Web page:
‘Did you watch this week’s Supervet?’ she asked. I had to confess, I hadn’t. ‘This weeks one was really the most dramatic yet,’ she said, and I could tell from her tone, that this wasn’t necessarily going to be complimentary. I was all ears.

‘Oh yes?’ I prompted.

‘Well he had just finished one of his marathon operations,’ she said, ‘when this other dog arrived which had been in an accident and had this terrible neck injury.’ From the smile in her voice, I could tell she was amused by what she had seen. ‘And they said that this neck injury was so severe that the dog needed surgery immediately. Anyway, he was a bit iffy about whether he could do it. He wanted to do it so badly, he said, but he was so tired.’

‘I know that feeling,’ I said. Even the more moderate surgery I am generally involved in can be fairly draining.

‘So he decided that he was going to do it, but instead of going into theatre to get on with it, he went up to his office and started to cry. He wanted to do it so badly, he sobbed, but he was so exhausted that he couldn’t help himself.’

By this time, the cynicism was dripping from Jacqueline’s voice, and when I looked up from my suturing, she was grinning broadly at the memory. I found myself smiling too, trying to picture the scene, but somehow it was impossible.

Jan-Arne reappeared just then. ‘The dog we operated on last week. The one that had eaten the wood. It’s in to get its stitches out. Would you like to see it?’

I confess this filled me with happiness. That was the exploratory operation last week which lost me some sleep. I looked down at my gowned and gloved person. I couldn’t really go out trogging around the clinic.

‘Can he come and do a walk-by?’ I asked. Jan-Arne disappeared and I carefully set a swab over the wound to obscure the view. Big handsome dog that my previous patient was, I couldn’t have been more delighted to see him and his owner, both grinning happily.

‘That’s fantastic,’ I said, and thanked both the owner and Jan-Arne before removing the gauze to continue.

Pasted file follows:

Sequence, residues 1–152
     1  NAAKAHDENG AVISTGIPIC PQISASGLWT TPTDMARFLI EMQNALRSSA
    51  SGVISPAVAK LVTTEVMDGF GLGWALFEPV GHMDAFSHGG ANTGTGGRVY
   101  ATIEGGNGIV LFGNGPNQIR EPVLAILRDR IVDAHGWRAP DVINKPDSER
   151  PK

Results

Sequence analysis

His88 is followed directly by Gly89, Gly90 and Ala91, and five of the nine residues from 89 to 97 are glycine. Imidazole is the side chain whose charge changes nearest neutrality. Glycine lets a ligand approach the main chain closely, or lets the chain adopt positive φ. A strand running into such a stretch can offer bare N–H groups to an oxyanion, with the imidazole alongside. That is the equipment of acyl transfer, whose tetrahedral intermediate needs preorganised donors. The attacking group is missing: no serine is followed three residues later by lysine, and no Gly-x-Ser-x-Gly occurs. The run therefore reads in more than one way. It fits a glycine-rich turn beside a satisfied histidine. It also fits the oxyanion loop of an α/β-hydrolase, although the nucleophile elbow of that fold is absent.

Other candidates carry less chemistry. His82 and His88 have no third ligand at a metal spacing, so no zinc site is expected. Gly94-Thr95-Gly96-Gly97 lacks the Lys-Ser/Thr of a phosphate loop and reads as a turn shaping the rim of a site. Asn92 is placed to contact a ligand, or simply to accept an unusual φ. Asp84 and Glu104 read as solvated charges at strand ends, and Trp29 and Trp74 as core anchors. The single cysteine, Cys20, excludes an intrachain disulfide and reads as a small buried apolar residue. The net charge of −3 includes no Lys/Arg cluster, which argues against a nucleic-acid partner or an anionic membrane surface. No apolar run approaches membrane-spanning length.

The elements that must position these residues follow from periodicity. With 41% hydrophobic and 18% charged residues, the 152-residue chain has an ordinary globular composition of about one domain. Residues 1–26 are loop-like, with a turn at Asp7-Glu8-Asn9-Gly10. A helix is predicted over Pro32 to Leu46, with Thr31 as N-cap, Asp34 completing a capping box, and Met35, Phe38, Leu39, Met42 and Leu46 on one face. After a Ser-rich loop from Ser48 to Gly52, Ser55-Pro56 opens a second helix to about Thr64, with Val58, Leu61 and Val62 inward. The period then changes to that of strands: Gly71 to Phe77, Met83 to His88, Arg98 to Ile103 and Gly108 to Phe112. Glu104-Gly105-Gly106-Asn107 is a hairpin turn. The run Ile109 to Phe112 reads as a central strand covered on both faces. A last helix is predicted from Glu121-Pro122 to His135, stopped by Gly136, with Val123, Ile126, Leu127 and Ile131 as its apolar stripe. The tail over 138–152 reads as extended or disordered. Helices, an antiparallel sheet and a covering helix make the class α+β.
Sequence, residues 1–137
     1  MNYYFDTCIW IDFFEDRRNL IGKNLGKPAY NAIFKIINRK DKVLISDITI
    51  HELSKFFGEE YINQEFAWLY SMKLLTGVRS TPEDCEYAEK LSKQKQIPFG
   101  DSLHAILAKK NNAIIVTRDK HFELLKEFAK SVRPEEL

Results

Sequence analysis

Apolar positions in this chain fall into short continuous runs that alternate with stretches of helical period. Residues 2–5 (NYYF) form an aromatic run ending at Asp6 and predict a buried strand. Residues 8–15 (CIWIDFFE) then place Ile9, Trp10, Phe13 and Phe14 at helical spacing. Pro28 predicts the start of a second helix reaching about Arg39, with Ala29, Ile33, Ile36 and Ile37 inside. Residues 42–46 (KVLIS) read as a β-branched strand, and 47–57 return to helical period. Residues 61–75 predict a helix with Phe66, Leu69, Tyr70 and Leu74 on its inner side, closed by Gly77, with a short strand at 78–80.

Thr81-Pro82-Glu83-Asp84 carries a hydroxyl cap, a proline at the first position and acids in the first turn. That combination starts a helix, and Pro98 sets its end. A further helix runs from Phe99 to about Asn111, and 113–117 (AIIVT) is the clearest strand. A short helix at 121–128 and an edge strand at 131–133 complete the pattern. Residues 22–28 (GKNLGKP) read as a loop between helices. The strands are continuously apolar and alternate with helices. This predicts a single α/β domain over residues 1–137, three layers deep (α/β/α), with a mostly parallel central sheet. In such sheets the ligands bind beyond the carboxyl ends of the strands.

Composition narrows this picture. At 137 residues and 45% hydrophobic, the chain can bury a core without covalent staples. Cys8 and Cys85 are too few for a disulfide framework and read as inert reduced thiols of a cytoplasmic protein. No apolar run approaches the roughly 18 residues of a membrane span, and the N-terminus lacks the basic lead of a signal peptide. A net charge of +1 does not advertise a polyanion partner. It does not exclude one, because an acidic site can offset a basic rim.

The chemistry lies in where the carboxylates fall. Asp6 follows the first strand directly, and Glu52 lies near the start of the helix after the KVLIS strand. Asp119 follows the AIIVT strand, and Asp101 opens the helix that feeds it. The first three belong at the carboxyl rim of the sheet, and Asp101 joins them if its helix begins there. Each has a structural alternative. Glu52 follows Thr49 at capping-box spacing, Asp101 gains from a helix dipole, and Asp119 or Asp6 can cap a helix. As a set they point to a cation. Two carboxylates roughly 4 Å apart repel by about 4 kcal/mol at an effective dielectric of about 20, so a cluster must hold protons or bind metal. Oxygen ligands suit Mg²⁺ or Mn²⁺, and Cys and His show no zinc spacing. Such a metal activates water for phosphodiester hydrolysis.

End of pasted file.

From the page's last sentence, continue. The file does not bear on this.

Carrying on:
I had almost finished up, and Jacqueline looked pleased as I inserted the last stitch. It was already an hour after my shift should have finished. Like Mr Supervet Fitzpatrick, I was feeling drained at the end of what had been a long day. Irene poked her head around the door. Her face was apologetic and yet there was a suspiciously wheedling tone in her voice as she greeted us. I could tell she needed something.

‘Yes?’ I said.

‘Well… is there any chance you could see a rabbit for me after this? I’m sorry to ask you, but I don’t have anyone else.’

‘What’s wrong with the rabbit?’ I asked. It turned out it had a head-tilt. Neurological problems can be complex, but equally it wasn’t fair to leave the poor bunny.

‘I’ll see it,’ I said, and peeled off the sweaty gloves and face-mask. Suddenly recalling Jacqueline’s Supervet story, I stood for a moment, dredging for my inner-drama queen. After all, I was near to exhaustion.  Maybe a few tears would be appropriate here. But with a heavy heart I was forced to accept that I was never made for those flights of fancy. My feet are grounded firmly in the Jaeren mud, which as those of you who live in Jaeren will know, is regularly doused in pig slurry.

I fear this will mean that it is unlikely anyone will ever make a television programme about me. But as with most other things in my life… I can probably live with it.